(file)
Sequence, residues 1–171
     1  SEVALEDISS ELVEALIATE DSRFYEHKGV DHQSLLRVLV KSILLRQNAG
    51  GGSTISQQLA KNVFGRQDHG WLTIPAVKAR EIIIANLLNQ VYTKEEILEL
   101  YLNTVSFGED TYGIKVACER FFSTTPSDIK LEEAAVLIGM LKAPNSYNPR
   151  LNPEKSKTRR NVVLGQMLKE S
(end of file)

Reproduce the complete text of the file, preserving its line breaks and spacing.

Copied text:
Sequence, residues 1–171
     1  SEVALEDISS ELVEALIATE DSRFYEHKGV DHQSLLRVLV KSILLRQNAG
    51  GGSTISQQLA KNVFGRQDHG WLTIPAVKAR EIIIANLLNQ VYTKEEILEL
   101  YLNTVSFGED TYGIKVACER FFSTTPSDIK LEEAAVLIGM LKAPNSYNPR
   151  LNPEKSKTRR NVVLGQMLKE S